Traumatic brain injuries (TBIs) are the most frequent cause of hospitalization in young people and the leading cause of disability and mortality for those ages 1 to 45. Over 100,000 children are treated annually for sport and recreation related TBIs and over 5 million Americans suffer from a TBI every single year.
With these numbers, it is no surprise that medical professionals call TBIs a “major public health problem.” We are taking steps to help address the problem and learning more about the full impact of these injuries. One emerging area is the connection between a TBI and other organ systems within the body.
What are common causes of a TBI?
Before we dive into the connection between TBIs and other organ functions, it is important to understand what causes these injuries. These types of injuries are commonly caused by car crashes, falls, and participation in various sports.
What do we know about the connection between TBI and other organ systems?
A recent publication in the Journal of the American Medical Association (JAMA) dug into the connection. The article focuses specifically on the likelihood of acute extracranial multiorgan dysfunction after a TBI. The researchers reviewed data from over 4,000 patients and found that those with mild to severe TBI had an increased risk of:
- Neuropsychiatric disease. Studies establish a connection between TBI and an increased risk of seizure, dementia, and Alzheimer’s disease.
- Coronary artery disease. This finding is supported by previous studies that have also indicated a connection between cardiovascular disease and TBI.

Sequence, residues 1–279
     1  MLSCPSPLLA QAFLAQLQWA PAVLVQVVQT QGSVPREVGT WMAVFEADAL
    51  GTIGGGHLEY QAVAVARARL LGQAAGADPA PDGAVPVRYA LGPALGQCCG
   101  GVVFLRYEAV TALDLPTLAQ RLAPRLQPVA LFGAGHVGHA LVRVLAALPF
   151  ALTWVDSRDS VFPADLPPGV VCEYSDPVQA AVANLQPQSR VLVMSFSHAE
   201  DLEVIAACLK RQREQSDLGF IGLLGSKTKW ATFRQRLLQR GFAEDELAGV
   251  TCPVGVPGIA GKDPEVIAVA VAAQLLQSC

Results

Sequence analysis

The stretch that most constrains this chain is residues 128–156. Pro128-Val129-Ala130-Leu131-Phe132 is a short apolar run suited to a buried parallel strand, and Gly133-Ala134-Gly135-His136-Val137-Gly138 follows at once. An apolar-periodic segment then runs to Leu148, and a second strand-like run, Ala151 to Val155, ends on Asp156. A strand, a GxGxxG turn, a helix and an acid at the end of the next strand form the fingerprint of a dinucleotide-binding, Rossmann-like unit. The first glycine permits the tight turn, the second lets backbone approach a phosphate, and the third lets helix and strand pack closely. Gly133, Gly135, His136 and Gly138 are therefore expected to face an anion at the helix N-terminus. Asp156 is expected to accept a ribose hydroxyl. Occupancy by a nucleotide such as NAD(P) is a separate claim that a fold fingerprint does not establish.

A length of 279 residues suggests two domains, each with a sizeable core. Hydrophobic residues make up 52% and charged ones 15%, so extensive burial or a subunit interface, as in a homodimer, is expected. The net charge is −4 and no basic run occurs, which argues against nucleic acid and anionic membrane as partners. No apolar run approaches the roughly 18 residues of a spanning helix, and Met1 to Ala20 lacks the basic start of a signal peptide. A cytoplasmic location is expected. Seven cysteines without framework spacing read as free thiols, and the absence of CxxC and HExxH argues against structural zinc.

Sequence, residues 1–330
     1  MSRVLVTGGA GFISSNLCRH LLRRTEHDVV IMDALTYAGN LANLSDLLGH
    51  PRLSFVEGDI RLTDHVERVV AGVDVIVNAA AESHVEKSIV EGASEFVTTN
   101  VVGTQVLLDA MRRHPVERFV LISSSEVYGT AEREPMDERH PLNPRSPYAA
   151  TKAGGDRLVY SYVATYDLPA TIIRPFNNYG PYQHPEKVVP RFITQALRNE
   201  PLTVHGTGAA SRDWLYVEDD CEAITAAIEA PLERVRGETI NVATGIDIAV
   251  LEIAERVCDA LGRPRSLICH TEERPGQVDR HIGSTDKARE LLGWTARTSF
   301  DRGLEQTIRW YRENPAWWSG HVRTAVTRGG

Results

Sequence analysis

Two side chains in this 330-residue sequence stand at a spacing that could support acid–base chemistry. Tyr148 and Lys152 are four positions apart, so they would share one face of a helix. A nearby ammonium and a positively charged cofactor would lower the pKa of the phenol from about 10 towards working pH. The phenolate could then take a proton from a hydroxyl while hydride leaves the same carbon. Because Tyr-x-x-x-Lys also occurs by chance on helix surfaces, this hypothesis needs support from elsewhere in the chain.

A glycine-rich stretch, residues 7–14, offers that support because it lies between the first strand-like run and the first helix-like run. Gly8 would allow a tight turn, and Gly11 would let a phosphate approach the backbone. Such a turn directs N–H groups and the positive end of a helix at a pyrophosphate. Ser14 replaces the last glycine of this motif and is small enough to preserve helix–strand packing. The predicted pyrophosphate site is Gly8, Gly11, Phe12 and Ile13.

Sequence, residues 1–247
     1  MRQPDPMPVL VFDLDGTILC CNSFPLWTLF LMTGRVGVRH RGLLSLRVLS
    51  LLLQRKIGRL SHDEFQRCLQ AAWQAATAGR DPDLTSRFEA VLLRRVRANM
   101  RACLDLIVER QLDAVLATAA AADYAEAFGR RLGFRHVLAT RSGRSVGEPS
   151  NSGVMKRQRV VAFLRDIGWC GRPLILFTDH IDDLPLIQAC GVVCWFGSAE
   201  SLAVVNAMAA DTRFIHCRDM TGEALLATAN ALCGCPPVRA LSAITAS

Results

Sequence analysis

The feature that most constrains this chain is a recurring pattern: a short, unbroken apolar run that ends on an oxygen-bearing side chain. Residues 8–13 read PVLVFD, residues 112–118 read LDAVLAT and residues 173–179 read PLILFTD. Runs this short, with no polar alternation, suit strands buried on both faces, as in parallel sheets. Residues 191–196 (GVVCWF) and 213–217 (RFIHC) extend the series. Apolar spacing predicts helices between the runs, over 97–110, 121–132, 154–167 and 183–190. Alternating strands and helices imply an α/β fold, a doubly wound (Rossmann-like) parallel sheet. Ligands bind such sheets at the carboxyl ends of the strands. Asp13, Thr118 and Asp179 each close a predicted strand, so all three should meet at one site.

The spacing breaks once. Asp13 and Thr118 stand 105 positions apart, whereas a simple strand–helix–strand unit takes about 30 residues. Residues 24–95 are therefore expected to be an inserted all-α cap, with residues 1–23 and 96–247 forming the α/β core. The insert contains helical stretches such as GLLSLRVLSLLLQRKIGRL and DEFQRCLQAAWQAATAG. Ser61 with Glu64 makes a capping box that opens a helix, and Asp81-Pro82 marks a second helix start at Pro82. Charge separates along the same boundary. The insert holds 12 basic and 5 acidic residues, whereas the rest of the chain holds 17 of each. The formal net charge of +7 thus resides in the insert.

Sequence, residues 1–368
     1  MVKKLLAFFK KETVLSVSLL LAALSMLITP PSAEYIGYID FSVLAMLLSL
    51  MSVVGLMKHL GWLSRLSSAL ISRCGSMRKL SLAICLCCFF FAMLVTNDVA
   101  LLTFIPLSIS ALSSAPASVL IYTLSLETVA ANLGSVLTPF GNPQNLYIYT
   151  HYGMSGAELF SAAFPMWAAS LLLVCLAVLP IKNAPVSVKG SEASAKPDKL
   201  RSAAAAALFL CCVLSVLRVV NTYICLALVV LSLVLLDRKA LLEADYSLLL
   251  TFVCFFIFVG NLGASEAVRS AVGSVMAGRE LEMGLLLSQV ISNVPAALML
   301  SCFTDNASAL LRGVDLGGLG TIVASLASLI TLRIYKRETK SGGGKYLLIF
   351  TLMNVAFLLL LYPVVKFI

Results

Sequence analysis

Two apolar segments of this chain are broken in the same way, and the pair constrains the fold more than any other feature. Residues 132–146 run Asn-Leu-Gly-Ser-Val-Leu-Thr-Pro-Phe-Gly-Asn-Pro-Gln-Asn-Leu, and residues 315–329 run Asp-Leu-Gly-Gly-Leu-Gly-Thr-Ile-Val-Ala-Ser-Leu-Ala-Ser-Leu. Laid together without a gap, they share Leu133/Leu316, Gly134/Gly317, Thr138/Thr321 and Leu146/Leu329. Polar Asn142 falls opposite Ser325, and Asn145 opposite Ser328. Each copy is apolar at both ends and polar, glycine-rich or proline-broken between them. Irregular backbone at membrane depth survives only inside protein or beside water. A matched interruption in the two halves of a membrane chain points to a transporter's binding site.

- Hyperlipidemia. A TBI can increase the amount of lipids or fats within the bloodstream. This can increase the risk of heart attack or stroke.
- Hypertension. Researchers also note an increased risk of high blood pressure. A failure to treat hypertension can increase the risk of mortality after a severe TBI.
This association was true in both older and younger patients. The researchers with the study note that there are some limitations to the findings. Most notably, these patients often experienced multiple traumas and other factors may have contributed to these increased risks.
Why is this information important?
Even with these limitations, the information is important for those who suffer from mild, moderate, or serious TBIs after a car crash. Because the symptoms are insidious, being evaluated by an appropriate neurologist or neuropsychologist may be necessary to identify problems and coping mechanisms. Researchers with the study specifically point out that this is of high importance for younger victims who may have a higher autonomic and inflammatory response to injury. This can make it more likely the suffer long term, multi-organ effect after a TBI.
This article shows that these victims are more likely to suffer from serious health issues well after the wreck. This provides support that victims are wise to consider future medical needs when navigating a civil claim to hold the responsible driver accountable for the financial impact of the crash.